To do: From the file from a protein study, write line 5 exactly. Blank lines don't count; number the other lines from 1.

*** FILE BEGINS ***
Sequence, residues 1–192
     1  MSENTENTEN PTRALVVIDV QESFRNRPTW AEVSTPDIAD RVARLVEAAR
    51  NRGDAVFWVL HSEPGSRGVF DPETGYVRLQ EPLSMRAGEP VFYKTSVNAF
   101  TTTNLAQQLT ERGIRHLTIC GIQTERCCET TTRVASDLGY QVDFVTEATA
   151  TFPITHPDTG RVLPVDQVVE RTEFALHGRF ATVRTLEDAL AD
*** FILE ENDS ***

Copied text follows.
   151  TFPITHPDTG RVLPVDQVVE RTEFALHGRF ATVRTLEDAL AD